What keeps the children in well-loved stories so busy and happy? Do they have favorite toys? Is there a game they play or an activity they enjoy? See if you can identify the titles of the books where these story characters appear,
1. [She] thought she had never seen such a curious croquet-ground in her life: it was all ridges and furrows: the croquet balls were live hedgehogs, and the mallets live flamingoes, and the soldiers had to double themselves up and stand on their hands and feet, to make the arches. The chief difficulty [she] found at first was in managing her flamingo: she succeeded in getting its body tucked away, comfortably enough, under her arm, with its legs hanging down, but generally, just as she had got its neck nicely straightened out ... it would twist itself round and look up in her face, with such a puzzled expression that she could not help bursting out laughing....
2. At home, the children spread the game out on a card table. It looked very much like the games they already had. There was a board that unfolded, revealing a path of colored squares. The squares had messages written on them. The path started in the deepest jungle and ended up in ... a city of golden buildings and towers. Peter began to shake the dice and play with the other pieces that were in the box.... "J _ _ _ _ _ _: a young people's jungle adventure especially designed for the bored and the restless."
3. He lay still for a long time, wondering. Had he imagined it? The noise did not start again. At last he cautiously turned the key and opened the cupboard door. The Indian was gone. Omri sat up sharply in bed and peered into the dark corners. Suddenly he saw him. But he wasn't on the shelf anymore, he was in the bottom of the cupboard. And he wasn't standing upright. He was crouching in the darkest corner, half hidden by the front of the cupboard. And he was alive.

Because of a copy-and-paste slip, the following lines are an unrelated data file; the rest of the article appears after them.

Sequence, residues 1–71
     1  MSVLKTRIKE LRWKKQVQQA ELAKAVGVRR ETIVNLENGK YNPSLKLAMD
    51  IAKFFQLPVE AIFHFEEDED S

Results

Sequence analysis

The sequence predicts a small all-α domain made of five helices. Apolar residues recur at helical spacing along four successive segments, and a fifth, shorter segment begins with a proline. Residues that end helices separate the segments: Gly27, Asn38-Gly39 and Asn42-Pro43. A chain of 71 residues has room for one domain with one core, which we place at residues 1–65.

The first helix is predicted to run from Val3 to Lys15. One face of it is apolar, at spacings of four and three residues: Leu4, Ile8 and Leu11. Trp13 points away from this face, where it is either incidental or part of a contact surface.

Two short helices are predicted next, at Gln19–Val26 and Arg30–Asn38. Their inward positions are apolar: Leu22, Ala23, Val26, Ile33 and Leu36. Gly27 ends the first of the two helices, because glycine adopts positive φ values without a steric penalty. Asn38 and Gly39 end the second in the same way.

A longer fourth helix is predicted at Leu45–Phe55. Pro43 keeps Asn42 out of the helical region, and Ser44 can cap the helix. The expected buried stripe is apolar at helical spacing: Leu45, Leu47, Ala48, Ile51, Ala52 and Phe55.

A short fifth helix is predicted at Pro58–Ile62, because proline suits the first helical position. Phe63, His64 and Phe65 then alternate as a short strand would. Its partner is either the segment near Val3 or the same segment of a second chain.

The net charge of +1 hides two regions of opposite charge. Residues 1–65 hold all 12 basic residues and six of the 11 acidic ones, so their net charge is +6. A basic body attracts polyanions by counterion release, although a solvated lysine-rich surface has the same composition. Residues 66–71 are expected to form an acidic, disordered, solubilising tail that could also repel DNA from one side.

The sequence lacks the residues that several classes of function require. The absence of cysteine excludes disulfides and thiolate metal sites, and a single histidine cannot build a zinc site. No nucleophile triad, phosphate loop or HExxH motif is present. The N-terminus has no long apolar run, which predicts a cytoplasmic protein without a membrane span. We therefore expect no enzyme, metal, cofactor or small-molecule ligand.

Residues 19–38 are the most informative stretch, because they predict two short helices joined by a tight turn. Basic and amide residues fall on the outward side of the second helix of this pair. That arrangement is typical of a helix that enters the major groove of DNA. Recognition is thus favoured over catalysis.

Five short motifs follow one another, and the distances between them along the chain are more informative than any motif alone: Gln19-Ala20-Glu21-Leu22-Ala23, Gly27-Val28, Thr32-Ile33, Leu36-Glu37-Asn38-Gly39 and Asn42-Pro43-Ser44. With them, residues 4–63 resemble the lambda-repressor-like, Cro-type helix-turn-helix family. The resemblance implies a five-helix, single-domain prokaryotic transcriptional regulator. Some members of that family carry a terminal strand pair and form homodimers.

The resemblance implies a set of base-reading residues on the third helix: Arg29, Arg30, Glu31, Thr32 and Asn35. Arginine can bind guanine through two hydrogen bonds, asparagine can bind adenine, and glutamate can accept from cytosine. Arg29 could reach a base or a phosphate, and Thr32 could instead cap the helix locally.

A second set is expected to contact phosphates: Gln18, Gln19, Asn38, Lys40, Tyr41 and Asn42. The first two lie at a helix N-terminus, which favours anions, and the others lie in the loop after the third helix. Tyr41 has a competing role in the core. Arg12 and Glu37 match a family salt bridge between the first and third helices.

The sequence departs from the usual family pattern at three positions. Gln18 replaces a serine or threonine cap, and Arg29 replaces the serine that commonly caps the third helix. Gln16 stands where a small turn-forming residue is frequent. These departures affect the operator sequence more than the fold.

4. She put her hand in her pocket, drew out the key, and found that it fitted the keyhole. She turned the key. And then she took a deep breath and looked behind her up the long walk to see if anyone was coming. No one was. She held back the swinging curtain of ivy and pushed the door, which opened slowly ... slowly. Then she slipped through it, shut it behind her, and stood with her back against it, looking about her and breathing quite fast with excitement and wonder and delight. She was standing inside....
(1) 'Alice's Adventures in Wonderland,' by Lewis Carroll (1865); (2) 'Jumanji,' by Chris Van Allsburg (1981); (3) 'The Indian in the Cupboard," by Lynne Reid Banks (1980); (4) 'The Secret Garden,' by Frances Hodgson Burnett (1911).
(c) Copyright 2000. The Christian Science Publishing Society